There may be a possible flare of acne after the initiation of treatment, but long term, the improvement of lesions continues for three to six months after the cessation of treatment.
Washington - The therapeutic uses of photodynamic therapy (PDT) are steadily growing today, and its use is indicated in an ever-widening range of conditions in dermatology, from skin cancer and actinic keratoses to more recent applications in cosmetic dermatology such as the treatment of acne and rosacea and for photorejuvenation.
One expert in the field discussed the uses of PDT and its successes in cosmetic conditions, speaking at the 65th Annual Meeting of the American Academy of Dermatology, here.
Evolution of acne treatment
"With annual costs of over-the-counter (OTC) and prescription medications estimated to be in the tens of billions of dollars each year, as well as the well-known possible adverse events of isotretinoin and long-term antibiotic therapy, patients and physicians alike are looking to new alternatives of acne therapy, now," says Bruce E. Katz, M.D., clinical professor at New York's Mount Sinai School of Medicine and director at the Juva Skin & Laser Center and of the Cosmetic Surgery & Laser Clinic at Mount Sinai Hospital, New York.
Dr. Katz says the use of laser for acne evolved from the use of nonablative lasers for wrinkles and scars. There was a significant thermal effect seen in terms of dermal remodeling of the sebaceous glands, and this positive effect was then further applied therapeutically in acne vulgaris.
The light sources effective in PDT include pulsed dye lasers, intense pulsed light (IPL), blue light and LED light sources. Dr. Katz explains that a PDT procedure involves the application of ALA - the topical photosensitizer. A small molecule, ALA is ideal for applying topically, while avoiding systemic side effects. P. acnes converts ALA to protoporphyrin-9, which then absorbs laser energy and destroys the bacteria, clearing acne lesions.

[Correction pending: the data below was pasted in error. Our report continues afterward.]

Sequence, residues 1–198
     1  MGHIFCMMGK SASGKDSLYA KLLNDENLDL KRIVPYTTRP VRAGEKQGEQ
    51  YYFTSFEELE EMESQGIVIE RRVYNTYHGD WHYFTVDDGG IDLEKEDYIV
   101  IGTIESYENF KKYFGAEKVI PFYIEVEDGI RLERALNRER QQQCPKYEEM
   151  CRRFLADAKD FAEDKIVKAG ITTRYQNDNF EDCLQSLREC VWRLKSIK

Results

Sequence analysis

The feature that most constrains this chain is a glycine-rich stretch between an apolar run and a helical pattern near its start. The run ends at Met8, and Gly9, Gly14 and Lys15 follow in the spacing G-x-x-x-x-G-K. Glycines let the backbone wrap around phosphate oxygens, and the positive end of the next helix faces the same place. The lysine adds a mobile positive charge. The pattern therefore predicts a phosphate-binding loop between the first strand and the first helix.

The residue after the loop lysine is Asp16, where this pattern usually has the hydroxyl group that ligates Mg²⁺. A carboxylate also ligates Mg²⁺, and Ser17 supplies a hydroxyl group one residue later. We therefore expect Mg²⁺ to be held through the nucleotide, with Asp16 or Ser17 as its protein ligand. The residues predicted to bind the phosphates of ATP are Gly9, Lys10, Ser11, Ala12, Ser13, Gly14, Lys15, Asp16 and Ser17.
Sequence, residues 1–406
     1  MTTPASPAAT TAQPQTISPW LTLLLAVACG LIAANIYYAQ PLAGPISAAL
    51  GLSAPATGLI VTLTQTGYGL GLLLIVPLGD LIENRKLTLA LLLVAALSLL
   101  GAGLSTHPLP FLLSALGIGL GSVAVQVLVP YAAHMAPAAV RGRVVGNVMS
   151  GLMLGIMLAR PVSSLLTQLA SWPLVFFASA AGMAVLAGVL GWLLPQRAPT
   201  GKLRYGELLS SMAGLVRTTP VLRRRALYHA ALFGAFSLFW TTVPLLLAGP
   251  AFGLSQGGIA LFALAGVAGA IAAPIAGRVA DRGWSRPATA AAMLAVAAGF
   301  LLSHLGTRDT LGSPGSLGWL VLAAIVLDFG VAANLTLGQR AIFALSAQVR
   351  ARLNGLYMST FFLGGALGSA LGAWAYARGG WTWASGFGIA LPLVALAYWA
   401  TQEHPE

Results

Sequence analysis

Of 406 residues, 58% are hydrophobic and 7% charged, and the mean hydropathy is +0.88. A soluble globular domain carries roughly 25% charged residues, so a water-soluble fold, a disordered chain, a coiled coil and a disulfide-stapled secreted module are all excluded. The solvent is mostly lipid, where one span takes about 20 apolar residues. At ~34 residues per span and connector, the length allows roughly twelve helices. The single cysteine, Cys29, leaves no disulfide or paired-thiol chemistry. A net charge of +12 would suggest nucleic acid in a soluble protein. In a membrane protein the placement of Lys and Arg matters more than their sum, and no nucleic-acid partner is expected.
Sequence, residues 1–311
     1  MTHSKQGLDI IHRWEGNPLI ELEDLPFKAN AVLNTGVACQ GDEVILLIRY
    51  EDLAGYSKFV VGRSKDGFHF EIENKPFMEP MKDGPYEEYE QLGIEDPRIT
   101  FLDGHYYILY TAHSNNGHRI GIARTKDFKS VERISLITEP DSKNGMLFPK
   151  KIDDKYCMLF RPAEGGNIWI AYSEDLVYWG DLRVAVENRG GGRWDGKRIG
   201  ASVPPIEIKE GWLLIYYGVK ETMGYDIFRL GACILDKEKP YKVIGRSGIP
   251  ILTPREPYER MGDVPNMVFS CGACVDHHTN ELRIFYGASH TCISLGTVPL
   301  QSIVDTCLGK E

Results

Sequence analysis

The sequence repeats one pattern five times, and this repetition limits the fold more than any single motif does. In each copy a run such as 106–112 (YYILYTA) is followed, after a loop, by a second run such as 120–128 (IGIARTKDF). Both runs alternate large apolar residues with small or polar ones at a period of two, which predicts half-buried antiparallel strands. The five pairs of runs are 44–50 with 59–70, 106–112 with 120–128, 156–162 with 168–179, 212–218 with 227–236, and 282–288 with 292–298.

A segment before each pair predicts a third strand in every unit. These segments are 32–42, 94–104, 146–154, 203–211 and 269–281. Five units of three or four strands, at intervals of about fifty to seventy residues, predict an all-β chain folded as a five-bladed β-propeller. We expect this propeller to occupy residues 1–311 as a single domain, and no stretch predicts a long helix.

Dr. Katz says that a "blue light" therapy for acne vulgaris can consist of clear light source (similar to other IPLs) with a 405 to 420 nm wavelength and a fluence range of 200 to 500 mW/cm, or a Blu-U light source with a 417 nm wavelength and a fluence range of 100 to 300 mW/cm.
"One of the keys to a successful blue light therapy in acne is a repetitive exposure. The photoexcitation of bacterial porphyrins stimulates and destroys surface bacteria, very similar to the therapeutic effects of benzoyl peroxide," Dr. Katz tells Dermatology Times.
Recent trials show "green light" therapy achieving up to a 30 percent to 40 percent reduction in acne severity. For optimal results, Dr. Katz suggests multiple and repetitive sessions - approximately two visits per week for six weeks. According to Dr. Katz, the disadvantages seen with green light therapy are that its penetration is limited to the surface bacteria, yielding only a temporary effect. Unfortunately, if the therapy is stopped, P. acnes will recolonize.
Fire and ice
Dr. Katz cites a study in which the combination therapy of a 1,450 nm diode laser and cryotherapy was compared to cryotherapy alone to treat acne on the backs of 27 patients.
Results showed a 63 percent reduction in lesion counts after a single treatment, and a 98 percent reduction in acne lesions at 24 week follow-up in patients treated with combination therapy. There were no hyper-or hypopigmented lesions reported.
"Though the mechanism of action is not completely understood, the thermal injury to the sebaceous glands is obvious. The 1,450 nm diode laser penetrates to the ideal depth in the sebaceous gland and produces a very positive therapeutic effect," Dr. Katz says.
LED photomodulation uses a low-intensity light therapy (590 nm yellow light) to nonthermally modulate the activity of cells. Dr. Katz says that this type of light source therapy is effective for all skin types and has no adverse effects. A major advantage here is that physicians can treat large areas (e.g., chest and back) in one visit.